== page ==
Deep fried anchovies are typical and most of all popular tapas food in Spain. They make an excellent sandwich topper or a starter and drizzled with lemon juice they are hard to resist. They also go well with beer!
Now would you believe if I told you that I thought anchovies were salty naturally? But these little fish are not salty at all! It’s only the canned fish that is salty and this strong flavor is a result of a traditional method of preserving them (they are gutted, salted, matured and then packed in oil or salt). So that was something I had learned after buying the fresh ones for the first time. They were nice and soft and most of all not salty!
If you haven’t tried them yet, now it’s the right time to do so!
Deep fried anchovies are typical and most of all popular tapas food in Spain. They make an excellent sandwich topper or a starter and drizzled with lemon juice they are hard to resist. They also go well with beer.
- If you bought whole fresh anchovies, you will need to remove their heads, gut them (if you cut the heads off, the guts come out together with the head) and take out the spine bone.
- If you bought fresh anchovy fillets then you are lucky.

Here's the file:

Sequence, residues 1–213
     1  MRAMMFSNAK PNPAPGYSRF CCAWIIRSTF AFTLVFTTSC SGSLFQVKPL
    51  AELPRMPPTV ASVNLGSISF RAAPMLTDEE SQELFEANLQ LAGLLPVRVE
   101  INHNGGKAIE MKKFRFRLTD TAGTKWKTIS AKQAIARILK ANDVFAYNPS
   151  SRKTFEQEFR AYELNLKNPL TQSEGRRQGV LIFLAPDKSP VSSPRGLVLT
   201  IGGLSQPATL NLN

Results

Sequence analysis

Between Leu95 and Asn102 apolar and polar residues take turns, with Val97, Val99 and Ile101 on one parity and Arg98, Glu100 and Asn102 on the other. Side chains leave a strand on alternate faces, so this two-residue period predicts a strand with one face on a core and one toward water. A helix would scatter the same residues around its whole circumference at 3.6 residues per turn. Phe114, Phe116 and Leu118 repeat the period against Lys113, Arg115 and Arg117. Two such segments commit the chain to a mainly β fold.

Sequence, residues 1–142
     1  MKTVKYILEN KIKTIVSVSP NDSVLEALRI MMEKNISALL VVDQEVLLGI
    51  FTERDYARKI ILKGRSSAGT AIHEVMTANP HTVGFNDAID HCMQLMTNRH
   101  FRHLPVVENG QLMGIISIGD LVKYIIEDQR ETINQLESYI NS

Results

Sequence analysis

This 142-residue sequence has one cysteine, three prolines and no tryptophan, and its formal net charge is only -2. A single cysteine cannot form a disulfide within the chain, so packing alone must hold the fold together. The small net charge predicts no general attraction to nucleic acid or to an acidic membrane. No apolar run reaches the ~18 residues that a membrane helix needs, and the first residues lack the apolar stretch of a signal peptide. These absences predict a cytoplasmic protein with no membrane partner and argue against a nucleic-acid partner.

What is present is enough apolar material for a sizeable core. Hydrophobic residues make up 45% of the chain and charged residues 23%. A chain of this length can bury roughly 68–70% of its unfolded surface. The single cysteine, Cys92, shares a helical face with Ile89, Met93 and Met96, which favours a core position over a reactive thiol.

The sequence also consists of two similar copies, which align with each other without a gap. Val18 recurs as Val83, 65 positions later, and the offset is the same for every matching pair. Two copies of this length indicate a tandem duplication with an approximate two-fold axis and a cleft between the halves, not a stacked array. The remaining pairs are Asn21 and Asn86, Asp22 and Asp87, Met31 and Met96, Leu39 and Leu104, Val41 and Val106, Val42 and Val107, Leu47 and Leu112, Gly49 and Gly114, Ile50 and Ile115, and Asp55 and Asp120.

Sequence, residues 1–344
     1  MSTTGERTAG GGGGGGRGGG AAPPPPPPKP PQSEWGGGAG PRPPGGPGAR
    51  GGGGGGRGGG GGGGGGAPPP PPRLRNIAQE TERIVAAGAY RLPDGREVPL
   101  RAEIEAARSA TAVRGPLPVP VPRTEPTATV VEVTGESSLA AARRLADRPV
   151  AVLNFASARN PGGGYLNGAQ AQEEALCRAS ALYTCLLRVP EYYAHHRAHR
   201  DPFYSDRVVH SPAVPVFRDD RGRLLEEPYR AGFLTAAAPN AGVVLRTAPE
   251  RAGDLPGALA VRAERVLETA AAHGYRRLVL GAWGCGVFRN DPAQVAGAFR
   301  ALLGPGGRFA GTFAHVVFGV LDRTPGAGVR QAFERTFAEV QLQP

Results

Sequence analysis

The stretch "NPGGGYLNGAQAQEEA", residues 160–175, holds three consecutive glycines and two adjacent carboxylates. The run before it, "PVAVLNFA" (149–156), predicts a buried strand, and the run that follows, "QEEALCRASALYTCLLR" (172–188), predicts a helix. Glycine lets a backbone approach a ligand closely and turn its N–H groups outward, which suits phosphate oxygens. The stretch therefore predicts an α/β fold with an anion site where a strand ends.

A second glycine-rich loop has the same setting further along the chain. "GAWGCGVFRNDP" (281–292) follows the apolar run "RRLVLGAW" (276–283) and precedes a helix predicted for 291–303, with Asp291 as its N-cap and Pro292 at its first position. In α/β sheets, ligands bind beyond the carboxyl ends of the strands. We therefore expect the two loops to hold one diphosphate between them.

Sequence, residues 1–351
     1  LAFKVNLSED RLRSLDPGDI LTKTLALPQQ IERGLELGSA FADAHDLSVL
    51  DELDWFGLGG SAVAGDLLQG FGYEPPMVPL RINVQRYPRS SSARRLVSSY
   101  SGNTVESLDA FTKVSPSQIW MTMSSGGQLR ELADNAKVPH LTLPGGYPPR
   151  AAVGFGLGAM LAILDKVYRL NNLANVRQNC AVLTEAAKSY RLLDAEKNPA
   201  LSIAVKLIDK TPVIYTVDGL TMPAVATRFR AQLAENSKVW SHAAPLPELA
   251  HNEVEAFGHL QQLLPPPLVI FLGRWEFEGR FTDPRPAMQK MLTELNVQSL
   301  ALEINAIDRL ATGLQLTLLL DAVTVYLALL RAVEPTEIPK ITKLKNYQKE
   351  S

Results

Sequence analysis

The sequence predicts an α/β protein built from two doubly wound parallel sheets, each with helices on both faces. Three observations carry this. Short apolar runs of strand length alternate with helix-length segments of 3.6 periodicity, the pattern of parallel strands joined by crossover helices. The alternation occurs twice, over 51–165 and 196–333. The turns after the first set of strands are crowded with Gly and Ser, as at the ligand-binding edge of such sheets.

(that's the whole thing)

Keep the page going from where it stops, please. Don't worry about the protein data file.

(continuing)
- Once you gutted the anchovies, put the flour in a large bowl. You will coat the anchovies in flour. You have 2 options: Throw all of them at once in the bowl and using your hands coat them in flour OR coat them one by one (they are quite fragile and this way they will keep their shape better.
- Heat up the oil in a medium size sauce pan. When the oil is hot enough, throw in (carefully) the anchovies. Make sure there is enough space in between them. Depending on the size of your pan and the amount you are frying you might need to do it in a few batches.
It will take only a minute or two to fry them (no longer). Drizzle with lemon juice (optional) and serve with salad or as a sandwich topper.
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